Arielle Shipping Ltd v Owners of the “Lady Emma” [1993] FJHC 11; HBG0003j.1991s (11 February 1993)

Marine Salvage- contract for towage service- not agreement for salvage

The defendant’s vessel, the ‘Lady Emma’ was blown ashore and grounded high and dry as the result of a cyclone. After 2 failed attempts by a salvage company to refloat the vessel, the defendant asked the plaintiff , captain of the vessel ‘Arielle’ to pull the ‘Lady Emma’ free from where she was stranded. The ‘Arielle’ had been used to tow oil rigs but was not designed for salvage operations and had never been used as such. The plaintiff advised the defendant that he considered that the ‘Lady Emma’ could be towed off the reef. The plaintiff asked the defendant to supply the salvage equipment and the diver and stipulated a $3000 per day charge whether or not the operation was successful. A $3000 deposit was paid and the plaintiff tried to refloat the vessel for 3 days, but was unsuccessful. The defendant refused payment claiming that the operation was not carried out in a workmanlike manner.
DECISION: Action allowed
HELD: The plaintiff agreed to perform a towing job. This was evidenced by the oral agreement between the parties and by the fact that the defendant paid a $3000 deposit. The defendant required a salvage operation. The court compared towage and salvage services where salvage is voluntary with no title to award unless the ship freight or cargo is saved. The court was of the view that this was a contractual towage service for which payment was agreed. The duty of care of the plaintiff was not that of a salvage contractor undertaking a continual obligation until the ship is lost or salvaged. The plaintiff’s duty of care was that he use reasonable skill and care in the provision of the services.

Bohn v Vanuatu Maritime Authority [2001] VUSC 127; Civil Case 115 of 2000 (9 September 2001); Bohn v Vanuatu Maritime Authority [2003] VUSC 137; Civil Case 115 of 2000 (28 April 2003)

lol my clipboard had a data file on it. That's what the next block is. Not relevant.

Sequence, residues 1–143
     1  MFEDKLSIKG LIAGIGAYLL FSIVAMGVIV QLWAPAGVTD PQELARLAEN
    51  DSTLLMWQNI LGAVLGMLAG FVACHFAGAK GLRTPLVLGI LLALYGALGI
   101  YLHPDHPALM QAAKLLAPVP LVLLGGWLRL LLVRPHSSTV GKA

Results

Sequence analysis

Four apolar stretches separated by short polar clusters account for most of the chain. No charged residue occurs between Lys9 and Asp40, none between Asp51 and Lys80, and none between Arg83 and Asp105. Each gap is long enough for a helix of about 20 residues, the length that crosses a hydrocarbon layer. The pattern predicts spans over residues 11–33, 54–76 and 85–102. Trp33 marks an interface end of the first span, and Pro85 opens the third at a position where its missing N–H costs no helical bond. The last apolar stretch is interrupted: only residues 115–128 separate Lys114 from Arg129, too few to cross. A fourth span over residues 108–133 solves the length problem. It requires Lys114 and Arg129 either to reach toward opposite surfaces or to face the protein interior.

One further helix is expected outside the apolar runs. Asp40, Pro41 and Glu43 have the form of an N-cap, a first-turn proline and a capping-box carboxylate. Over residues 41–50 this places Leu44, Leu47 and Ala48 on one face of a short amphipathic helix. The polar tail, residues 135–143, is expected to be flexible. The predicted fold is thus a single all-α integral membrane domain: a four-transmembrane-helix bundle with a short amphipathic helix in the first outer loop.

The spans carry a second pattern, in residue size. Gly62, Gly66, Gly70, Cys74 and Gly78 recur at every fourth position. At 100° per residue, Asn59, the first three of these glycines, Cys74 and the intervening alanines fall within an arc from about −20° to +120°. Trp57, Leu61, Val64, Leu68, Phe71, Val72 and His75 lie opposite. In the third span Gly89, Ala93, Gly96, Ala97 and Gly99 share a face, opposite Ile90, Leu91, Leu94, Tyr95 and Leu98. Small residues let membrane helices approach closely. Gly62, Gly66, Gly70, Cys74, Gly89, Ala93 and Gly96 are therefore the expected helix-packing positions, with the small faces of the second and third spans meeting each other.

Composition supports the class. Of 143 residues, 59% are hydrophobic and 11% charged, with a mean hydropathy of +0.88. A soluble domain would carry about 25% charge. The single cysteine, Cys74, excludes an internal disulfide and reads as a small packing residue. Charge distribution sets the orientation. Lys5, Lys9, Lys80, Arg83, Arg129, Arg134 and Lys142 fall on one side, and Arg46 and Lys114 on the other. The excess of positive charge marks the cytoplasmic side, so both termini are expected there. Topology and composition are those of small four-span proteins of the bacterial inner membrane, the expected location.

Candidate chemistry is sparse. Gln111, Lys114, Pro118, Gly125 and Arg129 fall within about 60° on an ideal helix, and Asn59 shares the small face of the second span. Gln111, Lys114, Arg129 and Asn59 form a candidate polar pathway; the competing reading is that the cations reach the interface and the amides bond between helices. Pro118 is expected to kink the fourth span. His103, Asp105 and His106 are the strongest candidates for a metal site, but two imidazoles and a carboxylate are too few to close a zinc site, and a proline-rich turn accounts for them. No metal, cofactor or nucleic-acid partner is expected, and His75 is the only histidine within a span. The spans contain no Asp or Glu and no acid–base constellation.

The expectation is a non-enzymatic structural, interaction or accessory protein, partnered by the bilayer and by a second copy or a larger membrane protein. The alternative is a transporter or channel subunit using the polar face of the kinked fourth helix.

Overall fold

Marine salvage- contract to salvage terminated when salvage operation almost complete- party contracted to salvage entitled to reasonable value of work done The parties contracted for the salvage of 2 vessels that posed a safety threat to the harbour. The contract stipulated that the work was to be completed in 30 days. The plaintiff encountered many difficulties in the operation particularly in finding equipment and competent personnel. After 37 days the plaintiff wrote to the defendant requested an extension of the allowable time to complete the contract. The defendant failed to respond and the plaintiff continued with the salvage operation on an implicit understanding. After 4 months on the job the parties had a difficult relationship frustrating the operation further. After nearly 8 months the salvage was completed and arrangements were made to scuttle the vessels. The defendants appeared to have encouraged the plaintiffs to complete the contract after the time period. However the defendant refused to pay on the basis of a breach of the contract in that the plaintiff did not complete in time. The defendant claimed that work done by the plaintiff after the expiration of the contract was as a voluntary salvor, and the defendant challenged the competency of the work done. The plaintiff claimed quantum meruit for the value of the work done under the contract.
DECISION: for the Plaintiff
HELD: The defendant had the right to terminate the contract. However when the contract was terminated most of the work had been completed. The court found on the evidence that the work had been done competently. Therefore the plaintiff was entitled to a reasonable value of the work done.

Mauitoga v Consort Shipping Line Ltd [1995] FJHC 16; HBG0003j.1994s (18 January 1995)

Marine salvage- Apportioning the share of the owner of the salving vessel